I was back on the water again for my final afternoon on Terceira. Tiago and I put a couple of kayaks in at Praia da Riviera on the island’s east coast. A turtle poked his head briefly above the surface as we paddled across the bay to Praia da Vitória.

This ‘quiet forlorn little place’ – according to Darwin’s diary entry – is now a laid-back seaside town of white buildings with terracotta roofs. From the hilltop above, a giant statue of the Virgin Mary silently watched us approach, keeping guard over the town.

We paddled in to the beach for a cold beer at a coastside café, then made our way back along the shore, the island’s rugged geology temporarily lost behind the wind farm turbines spinning on the green hills. But these little reflections of modernity didn’t distract me from Terceira’s more unevolved charms.

Church bells rang out for a local wedding, echoing across the bay. It felt incredibly relaxing and peaceful, a million miles away from the ‘intolerable creaking of bullock wagons’ that so tormented Darwin almost 180 years ago.

Terceira, Azores (Shutterstock)
Terceira, Azores (Shutterstock)

Azores' isles of adventure

Intrigued by Terceira? Check out the rest of the Azores archipelago with our expert guide…

São Miguel is the largest of the nine Azores islands, home to 55% of the archipelago’s population. It is also the busiest island, and home to the international hub airport at Ponta Delgada. There are lakes (including the spectacular twin lakes of Sete Cidades), volcanic thermal pools, fumaroles, hot springs and craters to explore, but also more bus tours and tourists than on the other islands.

Many visit Pico to bag its namesake peak, Portugal’s highest (2,351m). The climb is a good day hike; alternatively, trek up late afternoon, camp at the top and climb Piquinho (the true summit) for sunrise. Pico also offers whalewatching tours and great scuba diving with manta rays (Jul-Sept) and sharks. You’ll also see crater lakes and vineyards – the volcanic soil is good for wine production.

Whale off Pico island (Shutterstock)
Whale off Pico island (Shutterstock)

The clustered trio of Pico, Faial and São Jorge are referred to as The Triangle and are easy to travel between on regular ferries. Faial (known as the Blue Island, for its profuse hydrangeas) is most famed for Horta marina, used by sailors from around the world who are crossing the Atlantic; the Peter Cafe Sport bar is a renowned yachties’ meeting place. The island also has hiking trails, craters and whalewatching.

Quiet and sparsely populated, São Jorge has big sea cliffs and a dramatic mountain range, with hiking and canyoning possibilities. The coastal village Fajã de Santo Cristo can only be reached on foot or by quadbike. The coastline has good surfing spots, too. The island’s also known for its strong cheese.

As this issue’s article testifies, wild Terceira has plenty of adventure options, including hiking, kayaking, cycling and scuba diving, as well as whalewatching. Do take time to stroll through UNESCO-listed Angra do Heroísmo and charming Praia da Vitória. The drive along the west coast is a treat of views and villages.

Graciosa (meaning ‘gracious’) is one of the archipelago’s least-visited islands, and one of the most laidback, dotted with quiet, traditional villages and rural scenes. It’s a good spot for scuba diving, with coastal caves to explore. The island is also home to Furna do Enxofre, one of Europe’s largest volcanic caverns.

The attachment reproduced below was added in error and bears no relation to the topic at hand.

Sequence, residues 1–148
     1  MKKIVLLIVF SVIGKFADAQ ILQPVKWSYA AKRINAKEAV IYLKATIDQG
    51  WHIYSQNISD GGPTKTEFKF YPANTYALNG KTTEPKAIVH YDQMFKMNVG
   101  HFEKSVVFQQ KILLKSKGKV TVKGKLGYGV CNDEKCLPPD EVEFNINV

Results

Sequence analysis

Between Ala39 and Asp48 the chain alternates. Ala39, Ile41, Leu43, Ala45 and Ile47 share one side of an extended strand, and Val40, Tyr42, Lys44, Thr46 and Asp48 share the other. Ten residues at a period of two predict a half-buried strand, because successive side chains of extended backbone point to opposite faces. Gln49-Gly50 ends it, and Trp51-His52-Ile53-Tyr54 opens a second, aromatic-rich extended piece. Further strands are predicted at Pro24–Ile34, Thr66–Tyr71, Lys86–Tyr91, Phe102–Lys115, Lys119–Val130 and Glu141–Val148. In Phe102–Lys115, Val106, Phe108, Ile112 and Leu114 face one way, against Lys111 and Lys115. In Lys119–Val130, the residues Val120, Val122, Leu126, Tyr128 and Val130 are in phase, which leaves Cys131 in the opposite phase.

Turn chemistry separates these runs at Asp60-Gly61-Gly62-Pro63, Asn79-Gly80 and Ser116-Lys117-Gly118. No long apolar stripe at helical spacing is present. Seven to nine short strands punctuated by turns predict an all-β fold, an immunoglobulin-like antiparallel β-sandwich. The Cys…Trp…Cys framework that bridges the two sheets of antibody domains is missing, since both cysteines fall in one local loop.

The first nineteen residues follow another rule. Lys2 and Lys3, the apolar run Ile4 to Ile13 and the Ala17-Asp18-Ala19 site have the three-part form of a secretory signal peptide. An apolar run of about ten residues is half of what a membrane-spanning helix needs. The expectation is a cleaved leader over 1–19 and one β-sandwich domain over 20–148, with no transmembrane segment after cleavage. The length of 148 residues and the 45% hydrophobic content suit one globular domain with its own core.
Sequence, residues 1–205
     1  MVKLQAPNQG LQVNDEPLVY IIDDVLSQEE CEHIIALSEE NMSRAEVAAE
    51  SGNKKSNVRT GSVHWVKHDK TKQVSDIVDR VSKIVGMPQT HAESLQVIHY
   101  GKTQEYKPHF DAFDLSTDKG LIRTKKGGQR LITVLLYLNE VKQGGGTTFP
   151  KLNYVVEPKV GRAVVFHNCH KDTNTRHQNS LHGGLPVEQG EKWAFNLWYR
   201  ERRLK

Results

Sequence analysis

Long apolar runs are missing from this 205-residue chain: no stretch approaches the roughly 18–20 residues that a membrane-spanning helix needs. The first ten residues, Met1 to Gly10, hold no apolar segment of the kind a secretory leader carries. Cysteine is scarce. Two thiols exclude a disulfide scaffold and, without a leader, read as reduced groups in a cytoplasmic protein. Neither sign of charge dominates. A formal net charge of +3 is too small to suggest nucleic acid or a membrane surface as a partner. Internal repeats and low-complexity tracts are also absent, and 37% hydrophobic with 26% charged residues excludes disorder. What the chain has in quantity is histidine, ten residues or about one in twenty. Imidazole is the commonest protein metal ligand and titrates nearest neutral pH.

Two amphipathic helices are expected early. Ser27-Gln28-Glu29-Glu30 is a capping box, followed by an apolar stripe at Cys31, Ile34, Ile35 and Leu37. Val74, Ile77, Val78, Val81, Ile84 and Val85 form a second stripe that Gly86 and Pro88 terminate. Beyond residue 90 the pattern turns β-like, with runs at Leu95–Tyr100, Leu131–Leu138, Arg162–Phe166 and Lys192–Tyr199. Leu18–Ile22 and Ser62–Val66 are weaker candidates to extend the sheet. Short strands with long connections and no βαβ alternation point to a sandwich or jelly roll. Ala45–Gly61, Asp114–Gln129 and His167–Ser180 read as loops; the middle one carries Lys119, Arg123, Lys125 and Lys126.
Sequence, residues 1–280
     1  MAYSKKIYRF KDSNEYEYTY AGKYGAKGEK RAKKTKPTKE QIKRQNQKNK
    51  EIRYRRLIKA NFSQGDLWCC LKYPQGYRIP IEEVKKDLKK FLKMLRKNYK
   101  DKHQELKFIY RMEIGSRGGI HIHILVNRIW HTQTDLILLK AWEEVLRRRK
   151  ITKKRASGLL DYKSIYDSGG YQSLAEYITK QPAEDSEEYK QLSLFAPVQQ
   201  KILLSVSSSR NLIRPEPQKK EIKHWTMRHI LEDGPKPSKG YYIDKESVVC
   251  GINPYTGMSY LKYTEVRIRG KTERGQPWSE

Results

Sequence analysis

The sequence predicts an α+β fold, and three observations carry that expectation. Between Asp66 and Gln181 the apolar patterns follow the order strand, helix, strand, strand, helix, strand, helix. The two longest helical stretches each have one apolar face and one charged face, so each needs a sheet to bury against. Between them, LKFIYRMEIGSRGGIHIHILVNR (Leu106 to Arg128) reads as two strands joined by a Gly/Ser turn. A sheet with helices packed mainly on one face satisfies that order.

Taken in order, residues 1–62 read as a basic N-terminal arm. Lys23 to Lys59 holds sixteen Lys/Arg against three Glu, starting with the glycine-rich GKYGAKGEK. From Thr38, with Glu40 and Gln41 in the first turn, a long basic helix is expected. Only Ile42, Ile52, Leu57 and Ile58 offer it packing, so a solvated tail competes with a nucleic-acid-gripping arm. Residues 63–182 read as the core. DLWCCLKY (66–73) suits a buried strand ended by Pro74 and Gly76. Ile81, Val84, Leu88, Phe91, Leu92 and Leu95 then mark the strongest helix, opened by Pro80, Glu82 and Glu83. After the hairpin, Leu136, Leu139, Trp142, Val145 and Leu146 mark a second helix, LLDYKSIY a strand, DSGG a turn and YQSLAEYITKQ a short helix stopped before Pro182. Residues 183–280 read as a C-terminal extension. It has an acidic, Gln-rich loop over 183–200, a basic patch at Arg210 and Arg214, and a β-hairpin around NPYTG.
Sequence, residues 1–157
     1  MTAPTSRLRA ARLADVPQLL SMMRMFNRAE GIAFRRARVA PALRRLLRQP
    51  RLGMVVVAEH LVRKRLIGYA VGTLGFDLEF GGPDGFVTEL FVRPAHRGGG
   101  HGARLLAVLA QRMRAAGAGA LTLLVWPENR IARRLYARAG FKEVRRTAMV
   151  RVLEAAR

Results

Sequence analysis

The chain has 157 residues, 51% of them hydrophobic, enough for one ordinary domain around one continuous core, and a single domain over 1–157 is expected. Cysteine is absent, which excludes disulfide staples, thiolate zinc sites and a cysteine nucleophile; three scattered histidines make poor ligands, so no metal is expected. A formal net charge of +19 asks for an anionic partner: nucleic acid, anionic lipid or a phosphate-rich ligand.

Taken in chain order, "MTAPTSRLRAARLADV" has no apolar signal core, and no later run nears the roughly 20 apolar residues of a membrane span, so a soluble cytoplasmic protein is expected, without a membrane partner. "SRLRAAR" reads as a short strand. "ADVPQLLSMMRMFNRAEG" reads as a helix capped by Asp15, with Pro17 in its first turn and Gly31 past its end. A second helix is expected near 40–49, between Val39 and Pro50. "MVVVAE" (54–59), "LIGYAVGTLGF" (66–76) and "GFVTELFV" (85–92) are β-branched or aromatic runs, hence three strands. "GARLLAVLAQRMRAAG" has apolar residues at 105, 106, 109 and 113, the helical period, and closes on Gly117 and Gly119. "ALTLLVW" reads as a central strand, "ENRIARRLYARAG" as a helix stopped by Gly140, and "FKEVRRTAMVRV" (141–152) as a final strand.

Lighthouse at Santa Maria Island (Shutterstock)
Lighthouse at Santa Maria Island (Shutterstock)

The oldest island in the Azores, Santa Maria is where locals go for beach holidays – it’s the driest and sunniest island. There’s good diving here, including with manta rays in summer. The island also hosts one of Portugal’s oldest music festivals, the annual Maré de Agosto (August).

One of the big draws of northerly Flores (‘flowers’) is its hydrangeas, the Azores’ national bloom. The island’s remoteness has kept it wild and natural; it’s often considered the prettiest in the archipelago. There are opportunities for hiking, canyoning and birding, plus lakes and waterfalls to explore.

Corvo is the smallest island, with only 400 inhabitants and a chunk of its territory taken up by a large crater speckled with lagoons – Caldeirão. Corvo is especially popular with birdwatchers who come to see the varied species that pass on their Atlantic crossings. During peak birding months (Oct-Nov), hotels can fill years in advance

Make it happen

The author travelled with Archipelago Choice. Its seven-day The Darwin Trail (April to October) includes flights, transfers, B&B accommodation, a day of guided cycling, cycle hire and route maps. Its seven-day Terceira Activity Week (March to October) includes flights, transfers, B&B accommodation, a day of guided cycling, a full-day jeep tour, one day of guided walking, a half-day kayaking trip and a half-day whalewatching trip. Two shore dives with Arraia Divers cost €100pp (£73) including gear rental.

Getting there
SATA International flies direct from Gatwick to Ponta Delgada on São Miguel every Saturday. Journey time is from 3hrs 45mins. SATA also offers inter-island connections throughout the Azores, with prices from £42pp one-way. Ryanair also flies from Stansted to Ponta Delgada.